January 16, 2014

Twitter 201

by Jesse Johnson

Yesterday I explained why I use Twitter, and I gave an introduction to the basics of the Twitterverse. Today I want to explain how to get the most out of Twitter.  

Who to follow:

That depends on what you want to get out of Twitter. Do you want to see what your pastor is preaching on Sunday? The follow him. Do you want to see who what NFL rules experts are saying about every controversial play in the Super Bowl in real time? Then follow Mike P.

I follow a mixture of people that make me laugh, people that tweet quotes from Puritans, and friends of mine who like the same kind of blogs I do. That mixture means that when I open Twitter I chuckle, see ministry highlights from a few of my friends, and get a hint or two about any blogs I might want to read that day.

Every month or so I add a few new people to follow and drop some others, so that I’m always following around 50 people. Some people tweet more than I want to read, or about topics I don’t care about, and so I don’t follow them. And I just live in a world where it is OK/not personal to follow someone for a while then unfollow them. If you take it personally that someone doesn’t follow you (or unfollows you), then Twitter probably is not a good medium for you.

Yesterday in the comments I was asked about those who follow thousands of people (for example). I don’t understand those people, but I can only imagine they are using Twitter in ways I’m not familiar with.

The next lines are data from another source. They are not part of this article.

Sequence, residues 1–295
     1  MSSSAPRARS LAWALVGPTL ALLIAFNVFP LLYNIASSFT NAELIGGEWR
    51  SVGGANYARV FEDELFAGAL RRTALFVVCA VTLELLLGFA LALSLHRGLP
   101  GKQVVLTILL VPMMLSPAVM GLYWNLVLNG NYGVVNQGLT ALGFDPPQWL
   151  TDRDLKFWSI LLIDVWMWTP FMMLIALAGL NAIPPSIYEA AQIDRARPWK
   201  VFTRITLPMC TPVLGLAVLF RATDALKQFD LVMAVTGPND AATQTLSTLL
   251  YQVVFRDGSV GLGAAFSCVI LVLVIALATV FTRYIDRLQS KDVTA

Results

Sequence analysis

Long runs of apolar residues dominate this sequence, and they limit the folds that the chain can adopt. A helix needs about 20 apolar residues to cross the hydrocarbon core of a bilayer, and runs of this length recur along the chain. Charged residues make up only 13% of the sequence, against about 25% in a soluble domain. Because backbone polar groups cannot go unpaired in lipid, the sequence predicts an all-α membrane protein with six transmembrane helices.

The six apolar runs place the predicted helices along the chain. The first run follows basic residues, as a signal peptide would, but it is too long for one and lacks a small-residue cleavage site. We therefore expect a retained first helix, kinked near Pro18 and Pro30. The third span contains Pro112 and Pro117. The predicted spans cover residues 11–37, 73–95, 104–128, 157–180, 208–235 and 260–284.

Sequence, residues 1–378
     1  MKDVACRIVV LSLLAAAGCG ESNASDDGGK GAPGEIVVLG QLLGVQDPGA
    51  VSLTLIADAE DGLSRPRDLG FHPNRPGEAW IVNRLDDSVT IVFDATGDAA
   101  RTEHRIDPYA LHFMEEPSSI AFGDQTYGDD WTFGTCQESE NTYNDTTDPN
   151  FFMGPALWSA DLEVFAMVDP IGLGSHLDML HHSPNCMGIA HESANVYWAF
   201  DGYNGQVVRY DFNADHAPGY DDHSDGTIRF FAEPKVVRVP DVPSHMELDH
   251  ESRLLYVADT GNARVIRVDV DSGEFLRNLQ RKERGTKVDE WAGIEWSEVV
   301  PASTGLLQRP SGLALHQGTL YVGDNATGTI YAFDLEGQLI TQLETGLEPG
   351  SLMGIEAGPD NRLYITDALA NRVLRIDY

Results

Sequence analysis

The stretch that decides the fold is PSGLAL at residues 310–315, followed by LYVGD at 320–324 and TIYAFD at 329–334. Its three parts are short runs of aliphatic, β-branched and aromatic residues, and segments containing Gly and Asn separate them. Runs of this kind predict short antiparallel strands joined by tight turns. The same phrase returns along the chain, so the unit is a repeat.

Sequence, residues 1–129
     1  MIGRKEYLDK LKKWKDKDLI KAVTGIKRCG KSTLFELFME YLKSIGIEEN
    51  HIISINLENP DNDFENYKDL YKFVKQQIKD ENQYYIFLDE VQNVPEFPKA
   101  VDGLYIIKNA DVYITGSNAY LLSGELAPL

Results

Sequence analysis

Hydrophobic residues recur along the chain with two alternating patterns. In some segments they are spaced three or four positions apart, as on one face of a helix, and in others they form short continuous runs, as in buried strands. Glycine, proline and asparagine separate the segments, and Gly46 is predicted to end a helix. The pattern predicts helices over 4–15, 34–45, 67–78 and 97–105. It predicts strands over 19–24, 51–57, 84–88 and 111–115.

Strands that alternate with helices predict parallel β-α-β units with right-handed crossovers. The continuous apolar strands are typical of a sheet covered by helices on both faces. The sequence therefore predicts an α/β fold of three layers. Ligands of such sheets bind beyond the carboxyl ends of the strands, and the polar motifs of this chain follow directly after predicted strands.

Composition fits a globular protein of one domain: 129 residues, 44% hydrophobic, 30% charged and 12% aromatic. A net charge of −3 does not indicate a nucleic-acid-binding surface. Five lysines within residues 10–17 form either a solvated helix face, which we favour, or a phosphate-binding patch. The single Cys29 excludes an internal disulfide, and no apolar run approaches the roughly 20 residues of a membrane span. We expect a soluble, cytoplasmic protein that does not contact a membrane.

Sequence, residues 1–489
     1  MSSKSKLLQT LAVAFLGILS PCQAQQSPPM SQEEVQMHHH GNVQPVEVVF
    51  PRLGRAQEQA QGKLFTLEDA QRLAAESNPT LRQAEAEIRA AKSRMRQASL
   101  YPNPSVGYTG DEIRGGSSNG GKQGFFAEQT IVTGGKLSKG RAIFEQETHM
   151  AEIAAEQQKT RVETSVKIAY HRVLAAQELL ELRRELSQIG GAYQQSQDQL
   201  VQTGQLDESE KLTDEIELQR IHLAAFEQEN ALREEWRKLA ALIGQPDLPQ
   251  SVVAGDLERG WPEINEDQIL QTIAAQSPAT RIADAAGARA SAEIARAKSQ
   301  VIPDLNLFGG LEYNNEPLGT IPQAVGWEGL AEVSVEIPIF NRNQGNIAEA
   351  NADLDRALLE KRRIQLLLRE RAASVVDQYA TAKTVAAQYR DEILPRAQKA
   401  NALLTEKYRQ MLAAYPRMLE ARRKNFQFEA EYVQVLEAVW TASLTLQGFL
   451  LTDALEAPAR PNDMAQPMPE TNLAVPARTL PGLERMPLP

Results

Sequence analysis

You can reply to other’s tweets by pressing the reply key below them. Any time you do that, their user name starts your tweet. IMPORTANT POINT: If someone’s twitter handle is the first part of your tweet, your tweet will only be automatically seen by those people who follow both you and that person. Anyone else can see it, but only if they scroll through your timeline. So for example, this exchange below was seen only by those who follow both Eric and Joe–unfortunately for them, that happens to be me:

But what do you do if you really want your reply to be seen by all of your followers, and not only those that follow both of you? You have two choices: either remove their handle (their twitter name) from the reply, or move away from the beginning of the reply. This is why some people put a period or a quote mark before their tweet if it begins with someone’s handle:


Or you could get more creative than a period and put “Agreed” or “disagree” or “are you crazy” or whatever before the reply. If you do that, it is seen by everyone who follows you, not just by those who follow both of you. Had this tweet started with only @ndwilsonmutters, it would have only been seen by those that follow both CT and Nathan Wilson. But by adding “From” it is seen by everyone who follows CT:




You might see some people put an HT before someone’s handle. That simply means that whatever is in that particular tweet was brought to the person’s attention by that person. It stands essentially for “hat tip” and translates to “this person alerted me to this.” So if you see a cool thought by Piper, and you tweak it to make it your own, you would put “HT @johnpiper” there.